October 07, 2013

Haafu and half

Harry B. Harris Jr. is receiving his fourth star as a Navy admiral and assuming command the U.S. Pacific Fleet. What makes this appointment unique is that Harris is the son of a Navy enlisted man and a Japanese woman, Fumiko Ohno Harris.

Shisaku muses about how the brain trusts in Japan and China might read these particular tea leaves. But I was also struck by how Harris is a kind of mirror image of the Japanese actor Masao Kusakari. I'm not just talking about physiognomy.

Kusakari's father was an American G.I. He was killed in Korea, so Kusakari was raised by his mother in Japan. You can easily imagine one of those "trading places" scenarios.

When a haafu is Japanese/Caucasian, the Japanese genes usually dominate, except for height. Masao Kusakari is six feet tall, way above average for a Japanese born in 1950. Rangers pitcher Yu Darvish (Iranian father) is a towering six feet five.

In reality, the actual genetic mixing and matching is all over the map. Though with enough data it should plot out as a nice Guassian distribution.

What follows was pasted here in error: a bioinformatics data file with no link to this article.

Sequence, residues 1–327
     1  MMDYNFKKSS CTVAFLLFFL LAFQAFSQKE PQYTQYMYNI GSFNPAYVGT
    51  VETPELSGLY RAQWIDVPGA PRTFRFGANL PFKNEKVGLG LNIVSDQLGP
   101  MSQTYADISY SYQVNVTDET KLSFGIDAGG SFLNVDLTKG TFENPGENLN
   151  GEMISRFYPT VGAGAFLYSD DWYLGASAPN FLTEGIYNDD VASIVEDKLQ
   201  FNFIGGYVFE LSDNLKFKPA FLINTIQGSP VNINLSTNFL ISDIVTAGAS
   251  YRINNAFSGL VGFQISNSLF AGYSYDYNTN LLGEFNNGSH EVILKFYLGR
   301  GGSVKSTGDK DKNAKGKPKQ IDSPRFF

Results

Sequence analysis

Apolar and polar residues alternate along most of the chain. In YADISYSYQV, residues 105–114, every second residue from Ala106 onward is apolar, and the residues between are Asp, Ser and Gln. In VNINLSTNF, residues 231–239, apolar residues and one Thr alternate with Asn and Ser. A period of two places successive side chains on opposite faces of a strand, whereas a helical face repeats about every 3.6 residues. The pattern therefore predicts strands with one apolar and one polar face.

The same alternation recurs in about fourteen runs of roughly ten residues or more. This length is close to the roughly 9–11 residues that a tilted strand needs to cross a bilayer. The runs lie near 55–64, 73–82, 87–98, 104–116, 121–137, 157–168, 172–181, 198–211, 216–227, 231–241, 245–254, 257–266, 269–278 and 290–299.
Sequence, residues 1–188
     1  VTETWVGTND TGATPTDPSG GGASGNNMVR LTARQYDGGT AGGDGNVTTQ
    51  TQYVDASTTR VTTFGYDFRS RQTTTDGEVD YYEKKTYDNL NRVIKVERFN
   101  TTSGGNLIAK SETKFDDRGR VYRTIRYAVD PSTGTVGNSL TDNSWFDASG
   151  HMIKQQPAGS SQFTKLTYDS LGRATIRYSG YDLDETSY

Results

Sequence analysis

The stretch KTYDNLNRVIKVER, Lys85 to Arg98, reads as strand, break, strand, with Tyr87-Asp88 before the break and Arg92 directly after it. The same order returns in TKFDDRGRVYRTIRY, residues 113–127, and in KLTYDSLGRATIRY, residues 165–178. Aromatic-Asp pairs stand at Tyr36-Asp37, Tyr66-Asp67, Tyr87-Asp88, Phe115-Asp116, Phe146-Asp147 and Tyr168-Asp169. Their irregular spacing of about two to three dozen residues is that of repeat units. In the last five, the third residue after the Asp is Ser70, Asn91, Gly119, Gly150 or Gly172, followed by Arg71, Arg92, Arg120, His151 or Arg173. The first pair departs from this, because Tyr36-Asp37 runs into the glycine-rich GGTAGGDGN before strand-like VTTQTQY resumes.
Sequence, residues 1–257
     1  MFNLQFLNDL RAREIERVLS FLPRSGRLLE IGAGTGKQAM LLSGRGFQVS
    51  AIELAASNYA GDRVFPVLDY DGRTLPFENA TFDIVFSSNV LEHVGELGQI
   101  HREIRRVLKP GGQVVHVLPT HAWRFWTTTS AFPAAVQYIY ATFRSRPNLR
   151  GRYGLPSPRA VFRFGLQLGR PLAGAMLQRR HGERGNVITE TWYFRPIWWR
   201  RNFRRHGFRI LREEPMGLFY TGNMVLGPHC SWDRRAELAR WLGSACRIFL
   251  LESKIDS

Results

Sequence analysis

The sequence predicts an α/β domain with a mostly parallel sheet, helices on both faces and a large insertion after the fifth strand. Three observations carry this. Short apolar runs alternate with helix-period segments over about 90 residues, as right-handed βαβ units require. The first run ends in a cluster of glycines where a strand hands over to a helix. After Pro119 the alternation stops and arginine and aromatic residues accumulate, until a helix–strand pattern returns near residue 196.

Risa Stegmayer, co-host of NHK's Cool Japan (American father, Japanese mother), doesn't look especially Japanese, especially seated next to the very Japanese Shoji Kokami. (She speaks both English and Japanese fluently and without an accent.)

These variations can be found in "Yamato" Japanese too, though long periods of geographical and political isolation trimmed the tails of the distribution curve pretty short.

In the time-travel comedy Thermae Romae, for example, Hiroshi Abe (below) plays a Roman architect and Kazuki Kitamura is cast as Ceionius Commodus. In terms of their physical appearances, I was perfectly able to suspend disbelief.

Just to make sure, however, whenever Abe's character ended up back in Japan, the casting director surrounded him with "Japanese-looking" Japanese so he could observe how different they are (he describes them as having "flat faces").

This is pretty much axiomatic in population studies. Given a large enough cohort, the Guassian distribution of a common trait will reveal bigger differences within the cohort than than the mean differences across similar cohorts.

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# posted by Blogger Joyce, Jnr.
I just found this after catching Masao Kusakari in anew old Taiga drama. As a hapa (Japanese mother) born and raised in Hawaii I enjoyed your article very much...arigato!
1/04/2017 9:36 AM